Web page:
LIBERATING FOOTBALL TRAVEL

The wonders of walking football

Soca Seniors stroll their way to casual success

How an amateur club in Norwich is inspiring older generations to get out and play

If you head to a little-known sports centre on the outskirts of Norwich on a Monday or Friday morning, you will be met by a sight that is both surprising and inspiring. As Britain emerges from a pandemic that had a devastating impact on amateur sport, you will find a group of more than 50 players across four pitches indulging in one of the fastest-growing sports in the UK: walking football.

The basic idea is simple. Past a certain age, mobility is limited for many, so why not level the playing field and ban running altogether? This subtle innovation has seen thousands of people return to playing a sport most of them had long since abandoned, in body if not in spirit.

Soca Seniors/Trevor Bennett

Since its inception in 2011, walking football has spread like wildfire. At the time of writing, there are 1,500 walking football clubs and more than 60,000 participants in the UK, with official associations in upwards of 50 countries.

To find out more about what makes this senior pastime so popular, Jonathan Bennett pays a visit to Soca Seniors, the 2022 Walking Football Club of the Year.

Soca Seniors/Trevor Bennett

At the Football Development Centre at Bowthorpe, the home of Soca Seniors (a local take on Boca Juniors), it’s a dreary, cold Monday morning in March. Rain may be forecast but it doesn’t affect the turnout or dampen the enthusiasm.

The session lasts for a full two hours, with teams selected via an app. “We rate the players around four times a year, which helps allow for injuries and changes in form,” explains Chair Neville Townsend. The app then uses the ratings to creates eight teams, split into two categories – fast and slow-paced.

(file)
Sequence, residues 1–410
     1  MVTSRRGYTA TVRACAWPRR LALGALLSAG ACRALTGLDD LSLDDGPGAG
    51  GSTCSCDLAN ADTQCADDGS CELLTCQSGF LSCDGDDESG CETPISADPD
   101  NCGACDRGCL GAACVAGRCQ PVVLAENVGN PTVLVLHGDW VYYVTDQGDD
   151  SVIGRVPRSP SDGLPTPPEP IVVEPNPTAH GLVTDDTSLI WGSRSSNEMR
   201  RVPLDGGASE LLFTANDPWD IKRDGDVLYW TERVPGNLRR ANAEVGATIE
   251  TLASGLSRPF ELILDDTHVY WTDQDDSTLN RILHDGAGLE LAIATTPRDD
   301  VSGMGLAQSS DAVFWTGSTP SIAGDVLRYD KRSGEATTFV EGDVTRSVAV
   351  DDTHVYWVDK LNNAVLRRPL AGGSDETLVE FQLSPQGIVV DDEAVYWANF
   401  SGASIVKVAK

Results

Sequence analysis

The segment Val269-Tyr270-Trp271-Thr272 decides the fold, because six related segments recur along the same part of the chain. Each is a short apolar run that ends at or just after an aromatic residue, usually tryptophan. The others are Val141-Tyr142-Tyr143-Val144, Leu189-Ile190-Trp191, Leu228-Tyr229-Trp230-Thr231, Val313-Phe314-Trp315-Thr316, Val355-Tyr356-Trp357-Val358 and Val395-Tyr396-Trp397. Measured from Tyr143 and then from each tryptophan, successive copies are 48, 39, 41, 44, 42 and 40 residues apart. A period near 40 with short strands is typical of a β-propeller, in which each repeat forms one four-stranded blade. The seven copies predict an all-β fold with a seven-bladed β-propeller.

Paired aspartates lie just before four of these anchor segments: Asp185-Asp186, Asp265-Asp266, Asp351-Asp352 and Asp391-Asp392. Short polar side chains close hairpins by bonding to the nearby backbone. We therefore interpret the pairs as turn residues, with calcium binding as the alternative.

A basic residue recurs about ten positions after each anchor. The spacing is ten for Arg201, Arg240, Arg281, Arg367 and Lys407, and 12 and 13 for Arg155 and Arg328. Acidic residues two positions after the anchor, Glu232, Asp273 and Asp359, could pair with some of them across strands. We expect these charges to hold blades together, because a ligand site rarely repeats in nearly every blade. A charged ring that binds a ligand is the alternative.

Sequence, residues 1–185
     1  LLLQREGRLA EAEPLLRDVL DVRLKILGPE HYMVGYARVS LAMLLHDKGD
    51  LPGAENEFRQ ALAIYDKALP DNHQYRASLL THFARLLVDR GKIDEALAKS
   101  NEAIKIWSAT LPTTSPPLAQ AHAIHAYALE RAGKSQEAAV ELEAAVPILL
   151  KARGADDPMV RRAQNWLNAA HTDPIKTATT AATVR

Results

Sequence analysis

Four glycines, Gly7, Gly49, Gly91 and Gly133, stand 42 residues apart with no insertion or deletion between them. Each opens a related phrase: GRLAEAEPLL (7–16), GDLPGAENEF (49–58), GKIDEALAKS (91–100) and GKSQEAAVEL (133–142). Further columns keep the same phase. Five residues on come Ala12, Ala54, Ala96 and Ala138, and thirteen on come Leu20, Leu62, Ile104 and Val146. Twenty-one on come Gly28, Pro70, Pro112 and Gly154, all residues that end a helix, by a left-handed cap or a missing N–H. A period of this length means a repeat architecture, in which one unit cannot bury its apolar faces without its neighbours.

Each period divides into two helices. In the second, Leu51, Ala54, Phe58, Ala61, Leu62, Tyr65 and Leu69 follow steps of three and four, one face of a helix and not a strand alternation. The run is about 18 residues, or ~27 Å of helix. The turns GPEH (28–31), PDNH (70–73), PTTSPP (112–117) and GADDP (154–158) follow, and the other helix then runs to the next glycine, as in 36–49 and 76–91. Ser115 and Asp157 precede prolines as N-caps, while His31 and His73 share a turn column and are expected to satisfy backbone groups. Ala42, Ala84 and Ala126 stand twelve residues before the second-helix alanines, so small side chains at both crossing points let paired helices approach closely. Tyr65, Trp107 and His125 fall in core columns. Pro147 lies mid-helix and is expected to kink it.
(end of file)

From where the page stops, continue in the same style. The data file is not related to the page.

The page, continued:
In fact, it must be said that play is surprisingly rapid at times. You might even spot the odd half-sprint, unnoticed or at least unpenalised by the referees, resplendent in pink. “Refereeing here is actually much harder than in regular football,” says Neville, “On top of everything else, you always have to be looking to see if people are running, and it’s very tricky to spot”.

Soca Seniors/Trevor Bennett

Another challenge is making sure participants are fit to play, and Neville stresses the importance of responsibility in senior sport: “We really take people’s health seriously – everybody is required to have a thorough medical examination, and many of our members have undergone first-aid training”.

Other than being medically fit to play, however, there are no other barriers to entry, and the club’s competitive but welcoming and friendly spirit is clear to see. “We have grown to around 135 players, all aged 50 and upwards,” explains IT expert Gary Cockaday, who built the club’s website and runs the social media platforms. 

In 2022, not only were Soca Seniors the over-70s national champions and over-65s runners-up, they also provided nine national players. It is no surprise, therefore, that the club was recognised by the Walking Football Association (WFA) for its achievements in January of this year.

Soca Seniors' trophy cabinet/Trevor Bennett

“The club is also really active in general. There are various social events with our families, golf games, monthly lunches,” adds Gary. “We have sent teams to Spain and France, and have even raised quite a bit of money for various charities, including Prostrate Cancer UK and East Anglian Children’s Hospice.”

Despite their successes, however, both Gary and Neville insist that it is the camaraderie and their love of the game that keeps the club going.  

As Neville explains, “I personally love playing and look forward to it each and every week. It definitely helps with my mental health. At the moment I’m out injured and miss playing like hell. Fingers crossed I will be back soon.”

Gary is just as enthusiastic: “Walking football is very addictive. It’s a chance to play the game we love, albeit at a slower pace. We can improve our fitness and also socialise, of course, something which becomes ever more important as you age.”

Soca Seniors/Trevor Bennett

As the two-hour session draws to a close, the future of walking football and Soca Seniors looks bright from where we are standing, and Neville cannot help but agree.

“Norwich Soca Seniors has grown far beyond our expectations over the past 18 months, and continues to do so each month as new members arrive. We are even looking into setting up a women’s team. My guess is that we should be up to six pitches on a regular basis within a year. The biggest problem is that pretty soon we are going to run out of space.” 

On that positive note, everyone agrees that it’s high time for a good cuppa, a plate of biscuits and a bit of cake in the clubhouse.

For more about Soca Seniors, check out their excellent website. This year’s WFA Cup kicks off in April. To find out more about the competition and walking football in general, see the sport’s official website, where you will also find a list of clubs around the UK. For more on the European game, Jonathan will soon be visiting the walking footballers of Ferencváros in Budapest.